Howard Sackler’s celebrated play, winner of the Pulitzer Prize and the Tony Award, explores racism and segregation in a fictionalized portrait of boxing champion Jack Johnson. James Earl Jones won the 1969 Tony Award for Best Actor in a Play for his powerful performance as “Jack Jefferson,” a role The New York Times called “A great part – a tragic hero, cheated, degraded, and at last brutally beaten.”
From Pulitzer Prize-winning playwright August Wilson comes a one-man show that chronicles his life as a Black artist in the Hill District in Pittsburgh. From stories about his first jobs to his first loves and his experiences with racism, Wilson recounts his life from his roots to the completion of The American Century Cycle. How I Learned What I Learned gives an inside look into one of the most celebrated playwriting voices of the 20th century.
John Ball’s In the Heat of the Night (US)
(Full-Length Play, Drama / 2f, 8m)
Acclaimed playwright Matt Pelfrey’s adaptation of John Ball’s In the Heat of the Night is based on the award-winning book, which inspired an Oscar-winning film and an Emmy-winning television series.
It’s 1962. A hot August night lies heavy over the small town of Argo, Alabama. A dead white man is discovered and the local police arrest a Black stranger named Virgil Tibbs. The police discover that their prime suspect is in fact a homicide detective from California. As it happens, Tibbs becomes the racially-tense community’s single hope in solving a brutal murder that is turning up no witnesses, no motives, and no clues.
In the Wine Time by Ed Bullins (US)
(Full-Length Play, Drama / 6f, 8m)
Ed Bullins’ portrait of three men in a poor neighborhood in the late 1950s grapples with issues of violence, sex, addiction, and the unbreakable cycle of poverty. Lou, Cliff, and their nephew Ray Dawson live on a small side street in a poor neighborhood. Every evening, seeking respite from the heat, they go to their front porch to drink and observe the world around them as it’s consumed by violence, sex and addiction. As the neighbors’ competing radios play (the Dawsons play rhythm ‘n’ blues while Miss Minnie Garrison plays gospel) the men drink and talk, unable to break the cycle of poverty. Ray is trying to go to school and improv his circumstances, but his unemployed uncle Cliff wants him to join the navy. One night, after an act of violence, Cliff makes a sacrifice enabling Ray to have a future and rise above his present circumstance.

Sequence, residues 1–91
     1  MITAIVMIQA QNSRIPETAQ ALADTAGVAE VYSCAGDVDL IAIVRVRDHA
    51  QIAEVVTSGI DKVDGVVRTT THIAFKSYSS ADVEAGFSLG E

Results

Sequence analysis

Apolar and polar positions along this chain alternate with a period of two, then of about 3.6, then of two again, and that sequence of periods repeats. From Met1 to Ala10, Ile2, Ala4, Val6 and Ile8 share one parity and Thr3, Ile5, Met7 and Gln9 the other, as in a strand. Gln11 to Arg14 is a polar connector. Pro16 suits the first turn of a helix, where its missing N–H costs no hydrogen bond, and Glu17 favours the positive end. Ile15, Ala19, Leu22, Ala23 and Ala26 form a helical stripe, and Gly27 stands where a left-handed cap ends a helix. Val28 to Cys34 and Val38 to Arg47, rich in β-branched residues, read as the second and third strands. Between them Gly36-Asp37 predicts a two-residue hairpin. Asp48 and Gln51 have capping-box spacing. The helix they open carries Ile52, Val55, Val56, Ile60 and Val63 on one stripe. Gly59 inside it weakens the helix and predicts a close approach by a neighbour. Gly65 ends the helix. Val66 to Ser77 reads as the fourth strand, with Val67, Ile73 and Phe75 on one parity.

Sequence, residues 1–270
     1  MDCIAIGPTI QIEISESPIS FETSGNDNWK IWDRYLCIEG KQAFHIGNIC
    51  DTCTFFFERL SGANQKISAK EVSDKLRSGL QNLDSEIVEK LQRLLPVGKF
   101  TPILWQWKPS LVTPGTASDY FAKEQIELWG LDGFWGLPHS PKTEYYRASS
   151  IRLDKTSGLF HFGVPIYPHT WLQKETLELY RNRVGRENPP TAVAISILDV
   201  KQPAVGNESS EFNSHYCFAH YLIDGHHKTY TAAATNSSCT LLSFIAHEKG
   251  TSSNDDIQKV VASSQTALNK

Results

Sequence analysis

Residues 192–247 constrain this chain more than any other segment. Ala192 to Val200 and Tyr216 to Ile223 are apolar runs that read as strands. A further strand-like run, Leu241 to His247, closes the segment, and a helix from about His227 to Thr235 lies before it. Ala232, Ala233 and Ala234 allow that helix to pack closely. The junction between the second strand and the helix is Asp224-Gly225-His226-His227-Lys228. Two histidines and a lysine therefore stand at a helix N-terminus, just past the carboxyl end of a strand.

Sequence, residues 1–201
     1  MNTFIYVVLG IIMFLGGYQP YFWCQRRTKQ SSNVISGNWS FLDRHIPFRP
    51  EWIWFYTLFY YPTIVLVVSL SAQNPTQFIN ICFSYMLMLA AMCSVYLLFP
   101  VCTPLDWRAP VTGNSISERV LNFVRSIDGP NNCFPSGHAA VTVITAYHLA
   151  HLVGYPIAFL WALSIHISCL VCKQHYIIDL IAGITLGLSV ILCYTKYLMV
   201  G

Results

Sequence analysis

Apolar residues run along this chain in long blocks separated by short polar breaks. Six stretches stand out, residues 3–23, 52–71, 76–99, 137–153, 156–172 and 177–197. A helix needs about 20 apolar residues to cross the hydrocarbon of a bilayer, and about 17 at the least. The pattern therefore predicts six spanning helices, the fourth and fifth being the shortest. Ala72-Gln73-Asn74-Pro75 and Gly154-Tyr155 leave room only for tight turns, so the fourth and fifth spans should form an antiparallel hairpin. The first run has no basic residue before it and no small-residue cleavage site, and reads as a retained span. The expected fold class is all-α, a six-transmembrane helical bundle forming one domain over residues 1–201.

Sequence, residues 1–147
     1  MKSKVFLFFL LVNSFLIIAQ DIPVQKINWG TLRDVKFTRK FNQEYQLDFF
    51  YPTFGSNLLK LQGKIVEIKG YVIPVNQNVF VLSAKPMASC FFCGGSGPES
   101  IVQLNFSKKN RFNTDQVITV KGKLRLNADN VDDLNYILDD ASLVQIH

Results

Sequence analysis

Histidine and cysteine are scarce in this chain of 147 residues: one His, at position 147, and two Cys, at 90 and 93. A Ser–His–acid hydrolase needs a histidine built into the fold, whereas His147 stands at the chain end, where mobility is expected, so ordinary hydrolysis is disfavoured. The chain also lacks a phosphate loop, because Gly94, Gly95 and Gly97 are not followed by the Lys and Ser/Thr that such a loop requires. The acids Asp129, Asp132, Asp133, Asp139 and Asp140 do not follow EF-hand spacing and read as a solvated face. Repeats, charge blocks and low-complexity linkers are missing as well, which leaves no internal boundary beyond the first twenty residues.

In the Hill District of Pittsburgh in 1970, a group of Black men struggle to make a living as drivers for a makeshift taxi company. Owner Jim Becker’s son, Clarence, returns from prison just as the cab company faces a critical juncture. Deep animosities and long-held grudges come to the surface, jeopardizing the prospects for the drivers, who include alcoholic Fielding, gossipy, comical Turnbo, and earnest, decent Youngblood. With humor, conflict, and rich, complex characters, Jitney is an integral component of Wilson’s celebrated Century Cycle.